Behind the wild get-ups, changing hair color and performance-art schtick, there lives a sensitive, articulate young woman who is passionate about sex. Safe sex, that is.
“It’s always been important to me, as it’s for my generation, a most relevant consideration when you’re growing up. Sex doesn’t mean nothing; sex means so much,” Lady Gaga, 25, says between sips of tea inside a studio at Chelsea Piers. “I hope that young women know that sex is still a big deal, and they don’t have to put out soon. If they want someone to court them for a while before they give it up, that’s wonderful and beautiful, and a man will only respect you more for honoring your body. I am that way.”
Gaga is not just talking the talk about attitudes toward sex. She is walking the walk with help from MAC Cosmetics and its Viva Glam campaign, which kicked off in 1994 with spokesman RuPaul and has included icons such as Elton John, Cyndi Lauper and Mary J. Blige. It will bring in Nicki Minaj and Ricky Martin next July.
“What I hope to do with this campaign is to not only raise awareness for AIDS and HIV but raise the awareness that it’s OK and wonderful and beautiful to love yourself and be happy and to honor your body and to use a condom or say no,” she says.
Since becoming the latest face of Viva Glam in 2009, Gaga has helped raise $55 million for the MAC AIDS Fund through the sale of exclusive MAC Viva Glam lipsticks. She hopes to meet the lifetime goal of $250 million for the campaign.
“I’m from New York City, and there was a MAC store around the corner from my house growing up, and I always felt that MAC Cosmetics was so much more forward-thinking and so much more ‘street’ and accepting than any other line,” Gaga says. “I never felt like there was an ideal type of beauty or particular kind of woman or man that was being impressed upon me.”
With her dedication to the underdogs and outcasts who make up her millions of fans, whom she calls “Little Monsters,” it’s no wonder Gaga is on board with Viva Glam lipstick, which is designed to flatter every skintone and has sold 16.5 million units since its inception.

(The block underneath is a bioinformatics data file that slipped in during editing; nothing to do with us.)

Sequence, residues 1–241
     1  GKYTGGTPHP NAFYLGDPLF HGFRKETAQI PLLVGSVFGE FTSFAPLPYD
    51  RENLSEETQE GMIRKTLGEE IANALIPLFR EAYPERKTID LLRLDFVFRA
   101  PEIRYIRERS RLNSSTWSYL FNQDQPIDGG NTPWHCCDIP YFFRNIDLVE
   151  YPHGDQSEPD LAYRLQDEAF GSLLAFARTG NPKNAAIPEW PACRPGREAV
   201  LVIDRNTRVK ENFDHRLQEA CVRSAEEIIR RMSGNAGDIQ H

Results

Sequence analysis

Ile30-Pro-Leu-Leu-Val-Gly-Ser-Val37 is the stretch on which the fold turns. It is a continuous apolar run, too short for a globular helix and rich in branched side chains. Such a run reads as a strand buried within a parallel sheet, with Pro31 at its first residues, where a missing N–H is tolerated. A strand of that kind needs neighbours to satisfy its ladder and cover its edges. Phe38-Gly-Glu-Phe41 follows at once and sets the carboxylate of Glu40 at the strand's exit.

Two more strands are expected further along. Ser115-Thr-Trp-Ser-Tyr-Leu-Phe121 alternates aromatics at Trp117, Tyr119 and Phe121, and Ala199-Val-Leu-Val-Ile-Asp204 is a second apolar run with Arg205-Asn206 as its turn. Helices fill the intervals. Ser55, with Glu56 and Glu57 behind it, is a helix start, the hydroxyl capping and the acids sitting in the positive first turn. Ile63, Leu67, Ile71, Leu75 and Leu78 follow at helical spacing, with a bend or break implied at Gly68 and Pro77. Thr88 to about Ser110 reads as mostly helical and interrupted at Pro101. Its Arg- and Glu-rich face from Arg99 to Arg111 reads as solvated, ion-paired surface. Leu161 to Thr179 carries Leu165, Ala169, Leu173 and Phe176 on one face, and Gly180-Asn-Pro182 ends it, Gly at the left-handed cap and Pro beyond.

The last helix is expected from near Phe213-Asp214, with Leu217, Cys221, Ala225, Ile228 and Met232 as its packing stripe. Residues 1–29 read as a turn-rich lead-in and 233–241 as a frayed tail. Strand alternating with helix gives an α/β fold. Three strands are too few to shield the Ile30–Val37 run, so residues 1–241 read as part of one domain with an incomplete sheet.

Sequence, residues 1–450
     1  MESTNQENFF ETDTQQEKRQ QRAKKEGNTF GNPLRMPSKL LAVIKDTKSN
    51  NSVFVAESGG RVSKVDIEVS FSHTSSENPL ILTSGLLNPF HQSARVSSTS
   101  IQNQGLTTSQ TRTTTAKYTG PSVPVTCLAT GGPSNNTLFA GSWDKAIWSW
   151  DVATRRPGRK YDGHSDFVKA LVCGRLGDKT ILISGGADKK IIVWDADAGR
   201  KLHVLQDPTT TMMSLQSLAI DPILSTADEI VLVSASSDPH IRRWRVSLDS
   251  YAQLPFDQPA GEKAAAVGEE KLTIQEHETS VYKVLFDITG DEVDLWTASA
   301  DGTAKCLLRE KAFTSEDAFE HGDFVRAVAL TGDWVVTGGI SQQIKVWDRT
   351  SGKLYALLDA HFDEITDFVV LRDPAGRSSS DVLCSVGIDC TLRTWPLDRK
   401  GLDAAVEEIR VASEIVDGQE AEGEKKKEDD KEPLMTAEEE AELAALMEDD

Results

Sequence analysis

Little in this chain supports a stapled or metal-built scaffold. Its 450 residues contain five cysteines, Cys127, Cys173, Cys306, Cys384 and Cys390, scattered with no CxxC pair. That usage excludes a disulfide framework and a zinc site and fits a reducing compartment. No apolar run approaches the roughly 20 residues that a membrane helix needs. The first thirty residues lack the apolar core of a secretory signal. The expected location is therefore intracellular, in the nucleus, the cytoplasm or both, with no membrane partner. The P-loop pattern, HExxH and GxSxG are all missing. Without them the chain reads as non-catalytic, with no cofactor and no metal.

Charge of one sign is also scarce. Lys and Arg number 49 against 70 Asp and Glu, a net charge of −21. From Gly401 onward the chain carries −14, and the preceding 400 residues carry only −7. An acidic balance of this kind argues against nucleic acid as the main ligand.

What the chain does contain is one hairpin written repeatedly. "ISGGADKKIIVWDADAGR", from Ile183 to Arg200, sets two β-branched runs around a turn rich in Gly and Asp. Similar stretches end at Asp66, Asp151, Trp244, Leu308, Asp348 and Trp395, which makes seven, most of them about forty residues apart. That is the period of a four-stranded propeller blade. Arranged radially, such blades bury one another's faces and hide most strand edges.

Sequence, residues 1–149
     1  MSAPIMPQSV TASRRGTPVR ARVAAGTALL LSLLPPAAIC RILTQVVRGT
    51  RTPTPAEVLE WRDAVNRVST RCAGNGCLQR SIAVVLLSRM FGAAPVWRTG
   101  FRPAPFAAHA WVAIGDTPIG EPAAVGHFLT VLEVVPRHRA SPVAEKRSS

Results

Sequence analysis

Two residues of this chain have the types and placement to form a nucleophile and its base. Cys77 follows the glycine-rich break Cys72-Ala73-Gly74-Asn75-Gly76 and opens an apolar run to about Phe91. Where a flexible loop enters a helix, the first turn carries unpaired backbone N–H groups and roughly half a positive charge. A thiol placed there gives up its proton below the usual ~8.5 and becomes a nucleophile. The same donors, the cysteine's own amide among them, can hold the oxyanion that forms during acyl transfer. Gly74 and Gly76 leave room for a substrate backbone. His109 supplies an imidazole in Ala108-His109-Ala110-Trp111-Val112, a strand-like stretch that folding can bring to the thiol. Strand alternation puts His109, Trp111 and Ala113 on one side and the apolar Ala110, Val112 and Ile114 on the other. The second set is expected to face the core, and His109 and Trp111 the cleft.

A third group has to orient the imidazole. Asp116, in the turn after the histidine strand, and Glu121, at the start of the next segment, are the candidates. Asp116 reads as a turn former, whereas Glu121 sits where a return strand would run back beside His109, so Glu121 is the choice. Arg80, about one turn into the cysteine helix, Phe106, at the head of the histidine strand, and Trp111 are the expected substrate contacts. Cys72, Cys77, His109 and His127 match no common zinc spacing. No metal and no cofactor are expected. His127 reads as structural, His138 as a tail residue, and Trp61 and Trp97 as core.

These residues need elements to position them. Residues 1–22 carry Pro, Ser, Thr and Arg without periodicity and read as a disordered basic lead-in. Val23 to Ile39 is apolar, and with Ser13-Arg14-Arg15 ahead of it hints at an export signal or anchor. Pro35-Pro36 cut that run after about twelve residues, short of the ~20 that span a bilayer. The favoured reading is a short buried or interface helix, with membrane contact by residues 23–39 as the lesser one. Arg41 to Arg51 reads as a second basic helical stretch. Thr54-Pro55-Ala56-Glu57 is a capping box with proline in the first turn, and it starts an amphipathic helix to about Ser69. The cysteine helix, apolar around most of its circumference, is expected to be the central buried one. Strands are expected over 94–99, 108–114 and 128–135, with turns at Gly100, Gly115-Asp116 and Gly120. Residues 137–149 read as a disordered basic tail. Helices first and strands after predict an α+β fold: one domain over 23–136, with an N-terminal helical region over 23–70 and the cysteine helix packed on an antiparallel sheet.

“When I was looking at the different taupes, because I am an olive-toned skin, I wanted something a bit more orange to get that contrast, but ultimately, I decided I didn’t want to do that because I knew it wouldn’t suit every skin color. So, we drew it back and we made it something that would work for every woman.”
Gaga also got her Little Monsters involved, soliciting online submissions of their photographs and artwork over seven months to be used in a dress that her friend and stylist Nicola Formichetti designed exclusively for the Viva Glam campaign.
Formichetti, who is also the creative director of Thierry Mugler, printed fans’ images on fabric the color of the Viva Glam lipstick. In typical Gaga fashion, the fabric was wrapped around foot-tall platform heels so daunting the singer needed help getting up from her seat.
“The conversation is the most important aspect of it, and it was Nicola’s initial prerogative for this project to create something that was really, really interactive with the fans so they would feel a part of the conversation from an artistic level,” she says.
And, like a proud mom, she gushes about her fans, hazel eyes sparkling as she exclaims, “Think of how famous they are!”
Yet, fame is not what she’s after, she says. “People won’t always love your work and they won’t always the love the causes that you fight for, but at the end of the day, I think I could be OK with it all if I knew deep down in my spirit that I was always brave and I was always doing the hardest thing.”


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